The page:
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But it was not the readings and speakers only that made the events so powerful, or even listening to Troy’s last words, impactful though that was. In each city, the Davis family and I found ourselves surrounded by loving community; the very same community that had come together two years ago to rally to prevent Troy’s wrongful execution. It’s as if the book launch created a space for that community to come back together on the anniversary of this tragic injustice, to mourn together, and to re-commit to the fight to abolish the death penalty.

As Kimberly Davis wrote after our final event in Seattle, “The motto of my Church New Life Apostolic Temple, ‘We Are A Family,’ proved to be true in so many words while we were on this book tour. Thanks to everyone that joined us in each city & at each event. We love you for your continual support. Remember it’s not going to end here. We are going to continue until the Victory is WON.”

And now–after a whirlwind two-plus weeks–it is time to take a deep breath.

The deep breath is not just exhaling after the intensity of the book launch.

The deep breath is about getting re-energized and re-focused for the fight that lies ahead. The fight that Troy asked us, in his final words, to continue.

In solidarity and in struggle,
Jen Marlowe
Co-Author, I Am Troy Davis

PS–Check out Kimberly Davis, Ben Jealous and me on Democracy Now!’s special focusing on the 2-year anniversary of Troy’s execution. Also, please take a moment to read the op-ed in the Guardian that Kim and I co-wrote on the anniversary.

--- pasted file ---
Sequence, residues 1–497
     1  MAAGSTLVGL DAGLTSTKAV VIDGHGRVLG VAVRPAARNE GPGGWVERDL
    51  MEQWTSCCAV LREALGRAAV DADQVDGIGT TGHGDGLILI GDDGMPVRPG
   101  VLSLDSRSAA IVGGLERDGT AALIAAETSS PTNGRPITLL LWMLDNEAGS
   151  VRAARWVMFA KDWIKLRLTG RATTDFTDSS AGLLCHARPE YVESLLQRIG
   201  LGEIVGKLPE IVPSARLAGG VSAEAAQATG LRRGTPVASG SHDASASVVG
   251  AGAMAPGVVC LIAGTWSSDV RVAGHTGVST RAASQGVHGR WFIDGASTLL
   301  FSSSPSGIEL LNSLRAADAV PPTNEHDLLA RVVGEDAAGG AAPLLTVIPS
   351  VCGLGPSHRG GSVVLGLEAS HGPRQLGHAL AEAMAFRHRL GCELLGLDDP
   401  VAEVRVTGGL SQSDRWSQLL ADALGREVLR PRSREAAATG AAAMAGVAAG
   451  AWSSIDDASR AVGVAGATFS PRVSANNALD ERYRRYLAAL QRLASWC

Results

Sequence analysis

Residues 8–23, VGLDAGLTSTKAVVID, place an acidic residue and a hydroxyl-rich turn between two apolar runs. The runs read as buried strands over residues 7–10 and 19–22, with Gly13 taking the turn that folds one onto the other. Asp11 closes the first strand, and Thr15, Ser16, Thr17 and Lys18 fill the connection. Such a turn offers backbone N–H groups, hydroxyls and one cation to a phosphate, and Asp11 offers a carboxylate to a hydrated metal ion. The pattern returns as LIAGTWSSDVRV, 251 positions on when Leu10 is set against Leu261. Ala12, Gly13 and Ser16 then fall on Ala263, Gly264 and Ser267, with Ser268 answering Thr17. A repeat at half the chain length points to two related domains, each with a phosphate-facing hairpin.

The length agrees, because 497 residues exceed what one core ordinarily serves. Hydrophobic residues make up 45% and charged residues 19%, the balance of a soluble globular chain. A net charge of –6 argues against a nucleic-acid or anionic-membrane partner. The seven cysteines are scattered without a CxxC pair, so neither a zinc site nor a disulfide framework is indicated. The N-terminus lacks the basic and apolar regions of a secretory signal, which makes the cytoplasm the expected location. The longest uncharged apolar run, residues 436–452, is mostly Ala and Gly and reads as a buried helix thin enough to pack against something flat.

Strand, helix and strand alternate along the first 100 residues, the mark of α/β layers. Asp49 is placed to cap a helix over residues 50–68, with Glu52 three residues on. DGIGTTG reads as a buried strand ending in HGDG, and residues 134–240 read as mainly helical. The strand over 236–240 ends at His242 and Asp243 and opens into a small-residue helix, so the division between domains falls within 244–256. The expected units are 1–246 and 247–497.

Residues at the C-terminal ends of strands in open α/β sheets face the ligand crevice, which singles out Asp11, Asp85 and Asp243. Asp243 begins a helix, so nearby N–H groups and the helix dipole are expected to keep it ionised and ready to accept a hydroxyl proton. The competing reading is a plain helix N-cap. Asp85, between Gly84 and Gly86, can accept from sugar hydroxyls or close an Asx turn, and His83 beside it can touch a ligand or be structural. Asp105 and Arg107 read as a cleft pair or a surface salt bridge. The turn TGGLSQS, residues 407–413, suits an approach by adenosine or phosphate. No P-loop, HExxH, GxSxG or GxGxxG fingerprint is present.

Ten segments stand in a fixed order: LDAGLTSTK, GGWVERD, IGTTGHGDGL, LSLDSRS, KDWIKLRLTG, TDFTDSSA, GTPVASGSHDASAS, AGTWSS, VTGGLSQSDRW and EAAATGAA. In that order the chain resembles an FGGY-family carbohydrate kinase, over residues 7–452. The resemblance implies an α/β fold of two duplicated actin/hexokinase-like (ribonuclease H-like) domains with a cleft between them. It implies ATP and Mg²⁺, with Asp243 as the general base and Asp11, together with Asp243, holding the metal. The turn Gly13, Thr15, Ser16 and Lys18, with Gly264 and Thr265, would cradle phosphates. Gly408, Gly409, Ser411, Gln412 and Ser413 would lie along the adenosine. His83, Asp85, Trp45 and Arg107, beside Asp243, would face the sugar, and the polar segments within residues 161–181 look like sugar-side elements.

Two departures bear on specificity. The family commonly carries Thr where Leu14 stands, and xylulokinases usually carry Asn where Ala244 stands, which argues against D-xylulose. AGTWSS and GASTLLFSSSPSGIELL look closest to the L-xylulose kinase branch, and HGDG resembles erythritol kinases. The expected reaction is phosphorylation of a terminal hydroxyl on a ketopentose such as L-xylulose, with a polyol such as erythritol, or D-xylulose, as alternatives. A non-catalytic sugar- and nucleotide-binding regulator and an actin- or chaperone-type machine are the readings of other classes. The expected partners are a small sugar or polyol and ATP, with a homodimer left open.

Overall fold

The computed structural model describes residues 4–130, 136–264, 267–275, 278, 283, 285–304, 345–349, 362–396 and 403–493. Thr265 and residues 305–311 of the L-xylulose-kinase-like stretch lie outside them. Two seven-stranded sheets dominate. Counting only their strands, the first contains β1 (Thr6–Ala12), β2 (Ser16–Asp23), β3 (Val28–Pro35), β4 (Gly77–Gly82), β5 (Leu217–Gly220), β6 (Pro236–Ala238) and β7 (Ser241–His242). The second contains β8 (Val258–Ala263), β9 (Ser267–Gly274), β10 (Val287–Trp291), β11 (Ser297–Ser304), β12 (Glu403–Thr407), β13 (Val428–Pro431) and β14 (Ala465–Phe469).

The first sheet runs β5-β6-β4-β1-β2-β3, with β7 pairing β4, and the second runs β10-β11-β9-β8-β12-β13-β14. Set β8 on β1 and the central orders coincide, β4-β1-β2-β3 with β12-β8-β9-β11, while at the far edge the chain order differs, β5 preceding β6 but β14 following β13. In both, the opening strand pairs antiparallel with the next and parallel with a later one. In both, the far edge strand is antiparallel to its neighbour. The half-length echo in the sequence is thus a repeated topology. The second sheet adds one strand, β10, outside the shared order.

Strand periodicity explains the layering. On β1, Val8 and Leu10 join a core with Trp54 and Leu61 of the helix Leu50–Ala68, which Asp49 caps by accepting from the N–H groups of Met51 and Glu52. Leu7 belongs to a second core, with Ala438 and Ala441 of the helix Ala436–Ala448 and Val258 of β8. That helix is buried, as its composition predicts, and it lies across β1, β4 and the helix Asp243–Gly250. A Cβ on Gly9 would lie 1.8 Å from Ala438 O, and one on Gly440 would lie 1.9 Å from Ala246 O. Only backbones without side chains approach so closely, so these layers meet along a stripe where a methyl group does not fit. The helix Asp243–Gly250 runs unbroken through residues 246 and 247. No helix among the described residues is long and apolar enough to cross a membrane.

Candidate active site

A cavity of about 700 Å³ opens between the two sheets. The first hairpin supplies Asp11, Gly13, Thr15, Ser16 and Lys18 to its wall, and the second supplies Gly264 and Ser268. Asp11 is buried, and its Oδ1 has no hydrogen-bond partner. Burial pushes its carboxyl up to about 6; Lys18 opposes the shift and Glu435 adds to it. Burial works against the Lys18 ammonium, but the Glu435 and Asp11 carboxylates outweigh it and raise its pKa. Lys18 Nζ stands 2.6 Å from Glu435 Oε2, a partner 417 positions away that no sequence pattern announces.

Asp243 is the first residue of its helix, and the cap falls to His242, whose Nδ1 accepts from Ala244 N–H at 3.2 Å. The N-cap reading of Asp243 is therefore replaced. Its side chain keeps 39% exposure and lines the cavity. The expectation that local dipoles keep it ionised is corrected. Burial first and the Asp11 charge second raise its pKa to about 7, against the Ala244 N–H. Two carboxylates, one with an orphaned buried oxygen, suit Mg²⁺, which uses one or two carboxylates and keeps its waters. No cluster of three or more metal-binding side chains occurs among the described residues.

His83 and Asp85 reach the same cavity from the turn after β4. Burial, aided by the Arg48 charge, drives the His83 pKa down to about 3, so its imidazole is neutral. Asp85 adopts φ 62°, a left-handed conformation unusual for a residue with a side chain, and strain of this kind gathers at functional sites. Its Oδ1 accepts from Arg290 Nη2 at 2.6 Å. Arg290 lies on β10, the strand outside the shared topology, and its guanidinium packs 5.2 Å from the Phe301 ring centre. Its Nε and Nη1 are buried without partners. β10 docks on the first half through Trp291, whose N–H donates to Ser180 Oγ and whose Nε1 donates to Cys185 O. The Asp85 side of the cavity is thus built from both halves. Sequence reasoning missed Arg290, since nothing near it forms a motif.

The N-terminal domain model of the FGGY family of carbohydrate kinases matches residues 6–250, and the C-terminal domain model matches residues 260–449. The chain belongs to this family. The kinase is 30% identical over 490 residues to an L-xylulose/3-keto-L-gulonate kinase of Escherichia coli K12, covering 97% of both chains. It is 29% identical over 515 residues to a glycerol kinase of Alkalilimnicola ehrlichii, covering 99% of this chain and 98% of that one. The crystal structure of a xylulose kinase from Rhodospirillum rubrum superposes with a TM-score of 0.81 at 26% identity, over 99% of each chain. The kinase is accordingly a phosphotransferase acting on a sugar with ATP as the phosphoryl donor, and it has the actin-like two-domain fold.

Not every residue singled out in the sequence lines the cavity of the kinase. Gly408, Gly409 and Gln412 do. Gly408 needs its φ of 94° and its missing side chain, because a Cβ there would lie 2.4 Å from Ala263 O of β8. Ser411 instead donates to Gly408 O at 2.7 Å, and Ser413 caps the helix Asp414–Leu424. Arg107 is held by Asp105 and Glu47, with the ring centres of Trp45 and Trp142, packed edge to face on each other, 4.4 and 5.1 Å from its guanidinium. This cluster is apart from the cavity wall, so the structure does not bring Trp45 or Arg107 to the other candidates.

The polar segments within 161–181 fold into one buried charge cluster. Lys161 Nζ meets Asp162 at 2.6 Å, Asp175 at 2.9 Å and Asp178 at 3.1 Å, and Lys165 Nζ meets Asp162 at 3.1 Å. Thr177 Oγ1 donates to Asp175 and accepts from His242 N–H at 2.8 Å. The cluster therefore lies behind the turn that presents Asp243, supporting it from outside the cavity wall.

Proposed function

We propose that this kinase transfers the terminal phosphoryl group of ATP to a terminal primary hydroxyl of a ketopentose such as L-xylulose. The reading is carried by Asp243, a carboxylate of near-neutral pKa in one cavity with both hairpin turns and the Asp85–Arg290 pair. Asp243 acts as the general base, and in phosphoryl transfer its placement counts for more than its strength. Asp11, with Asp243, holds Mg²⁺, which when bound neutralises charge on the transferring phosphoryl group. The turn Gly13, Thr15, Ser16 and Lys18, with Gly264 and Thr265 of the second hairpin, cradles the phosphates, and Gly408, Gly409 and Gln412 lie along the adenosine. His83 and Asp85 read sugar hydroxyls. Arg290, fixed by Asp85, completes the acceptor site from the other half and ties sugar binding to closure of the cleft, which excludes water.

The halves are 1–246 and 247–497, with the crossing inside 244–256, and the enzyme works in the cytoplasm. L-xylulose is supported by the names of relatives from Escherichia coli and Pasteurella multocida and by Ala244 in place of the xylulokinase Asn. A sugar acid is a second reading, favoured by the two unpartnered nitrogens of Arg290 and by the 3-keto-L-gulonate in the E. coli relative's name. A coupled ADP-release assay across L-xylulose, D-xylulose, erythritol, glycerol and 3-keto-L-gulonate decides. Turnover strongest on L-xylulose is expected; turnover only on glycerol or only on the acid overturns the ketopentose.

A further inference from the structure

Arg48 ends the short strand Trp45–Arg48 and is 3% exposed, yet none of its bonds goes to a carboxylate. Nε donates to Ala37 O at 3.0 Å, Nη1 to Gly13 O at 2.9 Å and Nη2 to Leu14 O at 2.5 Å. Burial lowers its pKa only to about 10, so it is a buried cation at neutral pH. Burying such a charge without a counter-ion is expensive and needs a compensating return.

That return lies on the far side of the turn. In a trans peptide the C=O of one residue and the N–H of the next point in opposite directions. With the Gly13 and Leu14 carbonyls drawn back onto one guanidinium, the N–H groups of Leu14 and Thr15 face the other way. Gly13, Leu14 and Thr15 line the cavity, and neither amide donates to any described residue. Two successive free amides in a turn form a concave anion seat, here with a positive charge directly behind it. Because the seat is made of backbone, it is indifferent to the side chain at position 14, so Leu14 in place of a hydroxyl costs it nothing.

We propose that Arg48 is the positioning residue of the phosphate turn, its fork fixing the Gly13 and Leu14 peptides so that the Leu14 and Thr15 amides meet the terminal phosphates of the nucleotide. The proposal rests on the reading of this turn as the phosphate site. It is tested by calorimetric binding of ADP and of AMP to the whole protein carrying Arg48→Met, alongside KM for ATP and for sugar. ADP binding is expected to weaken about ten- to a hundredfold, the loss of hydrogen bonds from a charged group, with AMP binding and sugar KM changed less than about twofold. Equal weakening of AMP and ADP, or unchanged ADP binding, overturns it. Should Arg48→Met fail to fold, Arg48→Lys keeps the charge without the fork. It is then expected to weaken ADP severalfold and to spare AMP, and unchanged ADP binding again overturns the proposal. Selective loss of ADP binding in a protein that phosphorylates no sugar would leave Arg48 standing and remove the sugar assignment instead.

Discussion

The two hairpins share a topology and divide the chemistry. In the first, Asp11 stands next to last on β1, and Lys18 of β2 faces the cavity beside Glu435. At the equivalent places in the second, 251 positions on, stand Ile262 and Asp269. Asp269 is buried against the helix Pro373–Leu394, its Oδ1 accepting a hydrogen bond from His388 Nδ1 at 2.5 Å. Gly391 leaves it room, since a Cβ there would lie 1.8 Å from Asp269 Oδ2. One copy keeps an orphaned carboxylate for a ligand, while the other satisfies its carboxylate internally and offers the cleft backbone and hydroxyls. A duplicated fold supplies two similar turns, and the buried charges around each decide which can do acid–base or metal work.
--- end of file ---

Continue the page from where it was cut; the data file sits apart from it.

PPS–Considering I AM TROY DAVIS for your book group or in your class? Check out the amazing discussion guide that Equal Justice USA wrote, in partnership with AIUSA and the NAACP!

 

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Jen Marlowe received Hedgebrook residencies in 2010 and 2011. She is the founder of donkeysaddle projects and the author of Darfur Diaries: Stories of Survival, The Hour of Sunlight: One Palestinian’s Journey From Prisoner to Peacemaker and I Am Troy Davis. You can follow her on Twitter at @donkeysaddleorg or on her blog at View from the Donkey’s Saddle

Reposted from Jen Marlowe’s blog: View from the Donkey’s Saddle.

 

Hedgebrook supports visionary women writers whose stories and ideas shape our culture now and for generations to come. The opinions expressed here are not necessarily representative of the opinions of Hedgebrook, its staff or board members. 

Jen Marlowe
About Jen Marlowe

1 Comment

  • Caitlin Hicks
    5:39 PM - 20 November, 2013

    Wow. Just a recount of this is quite moving. Good work you are doing; such a sad thing in our culture: death row.